I believe that if people saw the Jesus I see, this place would be overflowing! The economy would not be malnourished, the rejected and scorned by the broader Church would be brought center stage into the fold, joining hands with all our brothers and sisters in Christ. There would be no divisions around non essential matters, but rather unity around one central figure – Jesus. But none of that can truly happen, you see, because the Jesus I see is too steeped in the Jesus of me. The identity of Jesus is not found in the follower, but rather the one Who is followed. AND, the identity of Jesus for me is not yet completely revealed – that's the place where I get real before Him, the place where I drop all my barriers, my preconceived ideas and notions of what I need Him to be for me and go to His Word, go to His feet in prayer and supplication and listen and look for what He reveals. Then I can continue to live out my yet to be completed version of the Man who thought I was to die for, the God who graces me with a love that cannot be earned. So who is this man, Jesus?

The Gospel of John is choked full of descriptors of Who Jesus is. As one author says; "as much man as if not God at all and as much God as if not man at all." When John describes the Word, he is appealing to the gentile population who understood the Greek term "logos" from the writings of Aristotle, signifying wisdom and knowledge that exceeds the grasp of the human mind. John boldly declares Jesus' oneness with God.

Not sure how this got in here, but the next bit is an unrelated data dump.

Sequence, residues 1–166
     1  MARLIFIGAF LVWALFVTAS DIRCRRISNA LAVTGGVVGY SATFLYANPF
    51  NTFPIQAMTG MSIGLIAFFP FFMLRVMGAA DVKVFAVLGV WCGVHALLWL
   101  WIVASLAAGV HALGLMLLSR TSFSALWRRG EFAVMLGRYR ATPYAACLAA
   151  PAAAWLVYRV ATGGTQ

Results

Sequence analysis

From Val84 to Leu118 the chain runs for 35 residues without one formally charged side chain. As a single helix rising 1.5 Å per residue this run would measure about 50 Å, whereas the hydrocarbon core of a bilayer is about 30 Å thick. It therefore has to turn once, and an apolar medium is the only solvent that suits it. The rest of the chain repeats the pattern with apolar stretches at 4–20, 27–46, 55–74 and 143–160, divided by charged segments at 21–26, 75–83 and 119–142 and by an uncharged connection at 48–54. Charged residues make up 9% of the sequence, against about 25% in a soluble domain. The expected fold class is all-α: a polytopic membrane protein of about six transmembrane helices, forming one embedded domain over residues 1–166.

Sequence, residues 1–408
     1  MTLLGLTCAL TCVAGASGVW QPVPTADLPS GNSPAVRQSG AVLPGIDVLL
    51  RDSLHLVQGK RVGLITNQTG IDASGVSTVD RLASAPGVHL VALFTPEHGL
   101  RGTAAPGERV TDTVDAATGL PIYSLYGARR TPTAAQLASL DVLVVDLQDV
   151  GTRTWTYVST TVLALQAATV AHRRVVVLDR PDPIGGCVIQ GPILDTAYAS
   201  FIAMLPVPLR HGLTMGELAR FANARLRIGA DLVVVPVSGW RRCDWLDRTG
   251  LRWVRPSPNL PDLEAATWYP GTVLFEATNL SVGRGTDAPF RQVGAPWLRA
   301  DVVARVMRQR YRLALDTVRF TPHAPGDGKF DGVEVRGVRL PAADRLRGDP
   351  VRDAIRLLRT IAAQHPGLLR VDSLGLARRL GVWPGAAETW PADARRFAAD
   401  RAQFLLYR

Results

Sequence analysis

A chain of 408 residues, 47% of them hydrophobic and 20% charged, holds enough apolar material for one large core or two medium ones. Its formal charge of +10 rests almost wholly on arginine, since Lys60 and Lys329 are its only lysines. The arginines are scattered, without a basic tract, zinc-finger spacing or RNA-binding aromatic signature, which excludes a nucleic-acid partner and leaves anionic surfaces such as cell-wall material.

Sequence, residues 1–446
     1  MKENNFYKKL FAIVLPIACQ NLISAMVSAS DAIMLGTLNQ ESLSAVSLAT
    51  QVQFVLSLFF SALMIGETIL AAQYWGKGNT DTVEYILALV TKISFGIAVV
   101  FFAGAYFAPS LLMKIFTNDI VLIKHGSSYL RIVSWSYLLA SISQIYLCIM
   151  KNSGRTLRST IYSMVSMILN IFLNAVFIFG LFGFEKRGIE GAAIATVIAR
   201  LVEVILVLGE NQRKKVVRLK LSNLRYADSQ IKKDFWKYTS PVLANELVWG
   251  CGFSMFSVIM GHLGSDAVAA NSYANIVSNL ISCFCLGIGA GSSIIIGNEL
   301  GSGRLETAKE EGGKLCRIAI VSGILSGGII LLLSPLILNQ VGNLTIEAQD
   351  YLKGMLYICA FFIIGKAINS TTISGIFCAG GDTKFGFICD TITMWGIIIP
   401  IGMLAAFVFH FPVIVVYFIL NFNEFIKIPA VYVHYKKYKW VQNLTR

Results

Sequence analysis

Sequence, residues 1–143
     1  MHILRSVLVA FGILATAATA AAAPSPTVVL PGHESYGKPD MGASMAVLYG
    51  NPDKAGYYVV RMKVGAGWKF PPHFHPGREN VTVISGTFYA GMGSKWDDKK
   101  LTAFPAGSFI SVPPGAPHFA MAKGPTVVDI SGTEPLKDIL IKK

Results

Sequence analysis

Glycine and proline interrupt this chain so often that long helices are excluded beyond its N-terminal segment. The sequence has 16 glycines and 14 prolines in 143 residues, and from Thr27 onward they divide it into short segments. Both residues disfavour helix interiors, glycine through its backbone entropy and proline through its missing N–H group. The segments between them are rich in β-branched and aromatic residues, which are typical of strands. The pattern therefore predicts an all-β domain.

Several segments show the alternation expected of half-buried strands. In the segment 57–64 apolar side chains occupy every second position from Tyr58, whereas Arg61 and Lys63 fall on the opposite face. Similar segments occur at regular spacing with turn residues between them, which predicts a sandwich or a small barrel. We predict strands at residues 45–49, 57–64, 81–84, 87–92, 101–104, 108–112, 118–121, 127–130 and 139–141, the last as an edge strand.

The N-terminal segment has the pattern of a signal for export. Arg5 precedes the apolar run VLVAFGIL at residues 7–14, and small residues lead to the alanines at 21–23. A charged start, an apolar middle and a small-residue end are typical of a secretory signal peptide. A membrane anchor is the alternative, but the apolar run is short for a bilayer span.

When we first come to Jesus we do so with a limited version of the real Person. We create our own little "Jesus in a box" which we put on a shelf and take out to play with when the road of life gets too tough to navigate. The key to Christian growth is not in the box on the shelf, but in releasing the boxed in self that limits the power of He who lives in us.

In the world of physics we understand that what we see is nothing more than the shadow or shell of what lies beneath. We know that atoms are made up of sub-atomic particles that can be broken down into even smaller particles. As I look out at you I cannot see the quarks and electrons that constitute your physical structure. What I see is the shadow of what's beneath. I don't have to see them, I know they are there! When we seek to find Christ in our lives, we begin to see the shadow of His presence. The true identity is manifest over time as we let die the version of our self-made Jesus and stay living in the truth of who He is!


Who do you say He is?